Alberta's oilsands, the third-largest reserves on the planet, get most of the attention when it comes to the pipeline debate.
But Saskatchewan, which has considerable oil resources of its own, is affected by the pipeline pinch as well, Wall said in Regina.
"We hope that this helps get the message out, even to a greater degree than it is now, that we have a pipeline capacity issue in western North America and that's costing Saskatchewan people a lot of money," he said.
"Because of the pipeline capacity issue, we're losing up to 19 to 20 per cent return on the taxpayer's resource."
In recent months, oilsands crude has been trading at a painfully steep discount to both U.S. and global light crude benchmarks. It's a trend that has both eroded oilpatch profits and caused the Alberta government to warn of a $6 billion revenue shortfall this year.
At the heart of the problem is a lack of adequate pipeline capacity to get that crude to the markets that want it most. Proposals of eastbound, westbound and southbound pipelines are in varying stages of development, but environmental opposition and political wrangling makes their fates uncertain.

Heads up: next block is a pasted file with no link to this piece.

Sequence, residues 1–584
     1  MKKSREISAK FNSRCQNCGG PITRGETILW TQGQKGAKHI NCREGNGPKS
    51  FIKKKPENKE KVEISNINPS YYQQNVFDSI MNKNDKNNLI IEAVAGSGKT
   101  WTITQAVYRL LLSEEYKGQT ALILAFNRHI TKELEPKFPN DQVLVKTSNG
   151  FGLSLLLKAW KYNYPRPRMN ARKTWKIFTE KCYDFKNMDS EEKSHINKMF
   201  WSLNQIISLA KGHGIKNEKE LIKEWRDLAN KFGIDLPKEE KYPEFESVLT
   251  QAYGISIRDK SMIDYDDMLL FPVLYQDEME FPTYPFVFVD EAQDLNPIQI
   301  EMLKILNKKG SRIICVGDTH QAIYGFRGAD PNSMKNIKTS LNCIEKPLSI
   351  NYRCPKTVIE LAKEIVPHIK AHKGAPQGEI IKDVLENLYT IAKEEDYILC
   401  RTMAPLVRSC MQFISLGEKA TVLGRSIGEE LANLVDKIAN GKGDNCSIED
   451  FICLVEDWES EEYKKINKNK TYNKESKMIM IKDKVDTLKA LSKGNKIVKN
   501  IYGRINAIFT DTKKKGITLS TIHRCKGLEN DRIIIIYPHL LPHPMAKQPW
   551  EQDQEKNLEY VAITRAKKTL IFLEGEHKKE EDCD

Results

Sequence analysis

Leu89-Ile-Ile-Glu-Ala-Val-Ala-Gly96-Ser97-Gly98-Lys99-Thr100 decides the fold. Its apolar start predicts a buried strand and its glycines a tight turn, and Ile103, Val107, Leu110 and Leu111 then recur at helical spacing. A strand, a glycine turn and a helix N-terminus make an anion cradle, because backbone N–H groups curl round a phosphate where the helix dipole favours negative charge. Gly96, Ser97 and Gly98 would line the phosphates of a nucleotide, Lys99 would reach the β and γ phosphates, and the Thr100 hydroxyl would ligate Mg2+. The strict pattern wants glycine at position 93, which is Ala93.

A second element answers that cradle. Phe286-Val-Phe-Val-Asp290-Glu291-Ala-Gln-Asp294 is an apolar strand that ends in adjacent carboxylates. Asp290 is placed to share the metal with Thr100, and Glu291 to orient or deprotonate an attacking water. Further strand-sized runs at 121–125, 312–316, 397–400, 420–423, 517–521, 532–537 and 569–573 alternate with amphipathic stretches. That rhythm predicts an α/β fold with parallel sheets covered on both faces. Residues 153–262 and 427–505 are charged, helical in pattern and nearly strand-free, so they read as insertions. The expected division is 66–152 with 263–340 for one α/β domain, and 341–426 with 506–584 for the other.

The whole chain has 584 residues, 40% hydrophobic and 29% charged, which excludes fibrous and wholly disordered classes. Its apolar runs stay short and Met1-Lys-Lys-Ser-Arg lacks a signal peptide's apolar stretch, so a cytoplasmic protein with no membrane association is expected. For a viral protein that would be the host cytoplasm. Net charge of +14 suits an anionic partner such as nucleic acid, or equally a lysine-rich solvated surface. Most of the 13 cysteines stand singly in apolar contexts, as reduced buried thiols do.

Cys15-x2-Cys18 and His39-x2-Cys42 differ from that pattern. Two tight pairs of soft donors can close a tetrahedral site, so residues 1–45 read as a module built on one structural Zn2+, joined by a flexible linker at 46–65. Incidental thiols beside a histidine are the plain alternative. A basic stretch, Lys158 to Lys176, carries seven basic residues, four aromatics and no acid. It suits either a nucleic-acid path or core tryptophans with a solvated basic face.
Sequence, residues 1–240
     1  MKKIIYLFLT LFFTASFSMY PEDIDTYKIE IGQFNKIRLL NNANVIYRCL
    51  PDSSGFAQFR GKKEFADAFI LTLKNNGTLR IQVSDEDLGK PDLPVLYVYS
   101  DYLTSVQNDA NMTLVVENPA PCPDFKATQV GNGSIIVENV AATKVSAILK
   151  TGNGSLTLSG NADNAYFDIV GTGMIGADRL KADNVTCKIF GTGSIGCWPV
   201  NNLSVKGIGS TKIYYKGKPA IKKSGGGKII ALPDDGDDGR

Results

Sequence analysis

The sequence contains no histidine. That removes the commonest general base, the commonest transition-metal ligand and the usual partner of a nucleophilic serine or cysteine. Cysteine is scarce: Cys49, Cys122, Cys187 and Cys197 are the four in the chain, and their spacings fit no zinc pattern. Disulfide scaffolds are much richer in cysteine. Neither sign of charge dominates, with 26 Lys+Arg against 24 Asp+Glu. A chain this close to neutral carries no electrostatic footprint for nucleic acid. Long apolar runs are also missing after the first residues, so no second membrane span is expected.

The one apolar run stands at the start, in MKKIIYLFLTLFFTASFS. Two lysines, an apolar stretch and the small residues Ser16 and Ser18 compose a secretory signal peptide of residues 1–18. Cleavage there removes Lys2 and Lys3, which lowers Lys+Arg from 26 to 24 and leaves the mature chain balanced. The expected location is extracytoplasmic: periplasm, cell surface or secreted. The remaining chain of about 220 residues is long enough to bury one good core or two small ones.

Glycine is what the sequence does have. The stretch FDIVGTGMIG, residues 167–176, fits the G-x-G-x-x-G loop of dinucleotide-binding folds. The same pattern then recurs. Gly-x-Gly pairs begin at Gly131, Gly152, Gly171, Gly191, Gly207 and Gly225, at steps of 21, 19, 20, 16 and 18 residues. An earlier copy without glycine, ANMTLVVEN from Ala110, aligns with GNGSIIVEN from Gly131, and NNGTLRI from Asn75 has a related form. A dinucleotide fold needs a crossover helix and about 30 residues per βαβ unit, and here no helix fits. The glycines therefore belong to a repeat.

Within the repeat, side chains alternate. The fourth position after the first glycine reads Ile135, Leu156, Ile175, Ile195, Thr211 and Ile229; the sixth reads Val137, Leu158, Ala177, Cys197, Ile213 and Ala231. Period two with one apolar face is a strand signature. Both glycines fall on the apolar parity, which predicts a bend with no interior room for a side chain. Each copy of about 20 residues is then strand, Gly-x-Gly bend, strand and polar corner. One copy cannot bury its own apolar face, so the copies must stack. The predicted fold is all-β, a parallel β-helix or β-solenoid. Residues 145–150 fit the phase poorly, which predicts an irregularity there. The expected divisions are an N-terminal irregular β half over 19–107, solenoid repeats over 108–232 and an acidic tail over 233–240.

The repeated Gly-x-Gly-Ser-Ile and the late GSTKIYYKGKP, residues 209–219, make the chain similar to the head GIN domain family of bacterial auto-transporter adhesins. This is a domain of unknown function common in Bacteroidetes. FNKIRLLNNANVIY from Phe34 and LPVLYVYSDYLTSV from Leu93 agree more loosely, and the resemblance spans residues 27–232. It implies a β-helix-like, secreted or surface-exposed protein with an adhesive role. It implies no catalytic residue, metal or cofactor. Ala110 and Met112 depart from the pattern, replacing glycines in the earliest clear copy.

Most pipeline capacity out of Western Canada heads to the U.S. Midwest, which Jones calls "the worst place in the world to be selling oil" as booming production from areas like North Dakota floods the market.
The Canada West Foundation says new pipelines need to be built in the right directions.
A massive expansion to Trans Mountain and Enbridge's Northern Gateway proposal would enable crude to be transported to Asia via tankers from the West Coast, but they face stiff opposition within B.C. on environmental grounds.
TransCanada Corp. is awaiting final U.S. government approval for the northern leg of its Keystone XL pipeline, which would allow Canadian crude to flow to refineries on the Gulf Coast that are thirsty for heavy oil. Construction on the southern leg between Oklahoma and the Gulf is underway.
Refineries in eastern Canada and the U.S. Eastern Seaboard rely on pricey imported crude from overseas, which is hurting their economics. Both TransCanada and Enbridge have projects in the works to send western crude eastward through reconfigured pipes that are already in the ground. It's possible those lines could extend all the way to New Brunswick, home to Canada's largest refinery.